Changing Aging Blog

Changing Aging Interview: Dr. Andrew Scharlach, University of California at Berkeley, Center for the Advanced Study of Aging Services
Date: May 29th, 2008 4:58am

Author:

Eric Schubert

Changing Aging recently sat down with Dr. Andrew E. Scharlach, of the University of California at Berkeley, where he holds the Eugene and Rose Kleiner Chair in Aging. He also serves as Director of the Center for the Advanced Study of Aging Services, which conducts research designed to inform development of innovative and effective services for older adults. It recently sponsored an international web-based conference on 'Creating Aging-Friendly Communities' and technical support through an ongoing 'Community of Practice' is available here.Dr. Scharlach, who also serves as a gubernatorial appointee on the California Commission on Aging, has published extensively on the needs of older adults and their families, particularly with regard to long-term care services, work and family responsibilities, bereavement, and gerontological social work education. In addition to more than 40 articles, he is the author of Elder Care and the Work Force: Blueprint for Action (with B. Lowe and E. Schneider; Lexington Books, Controversial Issues in Aging (with L. Kaye; Allyn & Bacon), and Families and Work: New Directions in the Twenty-First Century (with K. Fredriksen-Goldsen; Oxford University Press).

What are the biggest changes that you think we’ll see in U.S. community planning as it relates to preparing for vital aging communities?

We’re going to and already are seeing older consumers more involved in the planning process in communities. Aging friendly initiatives and products will become the norm. You’re going to see much more universal design in housing development. You’re also going to see products that look good, have good design and that are functional. Michael Graves, the renowned designer, is creating good and functional design of shower heads, tea pots and other products used in everyday life. That will become more widespread in architecture and other community infrastructure.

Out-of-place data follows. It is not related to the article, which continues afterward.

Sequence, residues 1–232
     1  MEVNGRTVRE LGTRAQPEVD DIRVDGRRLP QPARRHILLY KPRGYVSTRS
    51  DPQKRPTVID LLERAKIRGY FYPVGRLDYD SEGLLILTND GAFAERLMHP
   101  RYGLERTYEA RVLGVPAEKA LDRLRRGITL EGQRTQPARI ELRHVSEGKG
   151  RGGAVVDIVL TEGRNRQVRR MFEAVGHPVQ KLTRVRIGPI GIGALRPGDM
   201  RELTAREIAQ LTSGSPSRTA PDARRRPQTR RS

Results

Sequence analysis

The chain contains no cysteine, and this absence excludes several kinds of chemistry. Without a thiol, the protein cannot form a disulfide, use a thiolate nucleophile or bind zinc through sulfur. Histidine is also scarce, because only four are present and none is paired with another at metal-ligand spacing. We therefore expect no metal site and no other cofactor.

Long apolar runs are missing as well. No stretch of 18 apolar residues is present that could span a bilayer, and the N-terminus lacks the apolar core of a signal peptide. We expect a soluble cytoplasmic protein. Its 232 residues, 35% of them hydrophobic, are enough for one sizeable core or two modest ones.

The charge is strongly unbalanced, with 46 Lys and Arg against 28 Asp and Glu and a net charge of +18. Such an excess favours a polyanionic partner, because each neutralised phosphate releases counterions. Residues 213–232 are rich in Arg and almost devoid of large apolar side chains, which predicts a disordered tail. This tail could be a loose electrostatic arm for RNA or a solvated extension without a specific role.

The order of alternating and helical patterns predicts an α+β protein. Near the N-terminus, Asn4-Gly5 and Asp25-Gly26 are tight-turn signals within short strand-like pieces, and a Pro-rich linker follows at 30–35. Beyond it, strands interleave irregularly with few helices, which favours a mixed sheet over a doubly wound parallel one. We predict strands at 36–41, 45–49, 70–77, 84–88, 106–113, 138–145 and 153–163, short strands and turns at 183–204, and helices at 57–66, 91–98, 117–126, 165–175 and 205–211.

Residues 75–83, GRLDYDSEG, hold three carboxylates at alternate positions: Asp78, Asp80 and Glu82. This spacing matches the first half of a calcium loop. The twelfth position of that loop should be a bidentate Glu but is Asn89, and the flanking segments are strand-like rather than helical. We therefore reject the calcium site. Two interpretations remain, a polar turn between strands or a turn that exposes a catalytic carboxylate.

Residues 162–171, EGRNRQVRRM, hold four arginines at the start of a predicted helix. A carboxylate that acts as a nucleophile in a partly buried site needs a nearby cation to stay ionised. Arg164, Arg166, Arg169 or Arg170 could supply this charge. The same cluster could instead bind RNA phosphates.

How do you see senior housing changing for the age wave?

I see several different areas for change. I think you’re going to see more housing that’s built for a lifetime, e.g., universal design. That’s going to lead to communities that are more intergenerational. I think senior housing providers also will move more outside of their traditional bricks and mortar, where they help create virtual senior communities by delivering services to people in their home. Technology is going to play a much greater role. We’re already starting to see that with sensor monitoring in people’s homes. That technology is going to have to increase because we’re going have many fewer caregivers. I also think there will be more peer support and less reliance on family care. Communities that are known as “good places to grow old” are where people will want to live.

What are examples of U.S. communities you’ve seen that “get it” when it comes creating aging-friendly communities?

There are a number of communities that are seeing aging as an asset and working to be livable for a lifetime in different ways. Atlanta has a large initiative called Aging Atlanta, which is part of their regional planning and is focused on making Atlanta a place people want to stay. The University of Indiana has a Center for Aging and Community under the direction of Dr. Philip Stafford that has been doing a lot of work in this area to help communities become lifespan communities. Fremont, California, is another one that is doing community-wide work to help people live and stay in Fremont to the end of life.

By 2050, the U.S. will have more than a half million centenarians. Assuming a shortage in professional caregivers, how do you see family care changing for this unprecedented demographic shift?

Technology is going to have to play a critical role. Robotics are going to take on some roles that were traditionally done by humans. You’re also going to have nurses checking in with patients by video or by computer via sensors. We’re going to have to think very locally. Neighbors are going to have to look out for neighbors. Community design also is essential for this. Buildings have to be easy to live in and easy to navigate for people who have disabilities. You can start to see how the unprecedented age wave in the U.S. will impact just about every area of our society. Communities can’t plan in silos. There are a lot of interconnections and intergenerational ties to this.

What do you want old age to look like for you?

I want to be socially connected. I’d like minimal physical impediments, and I want to be able to maintain meaningful activities and relationships without undue pressure to maintain the functional levels of earlier years. There’s this image in America that to age well, you have to be jumping out of airplanes or running marathons. Not true. Healthy, successful aging is about enjoying life €“ not speed or intensity.

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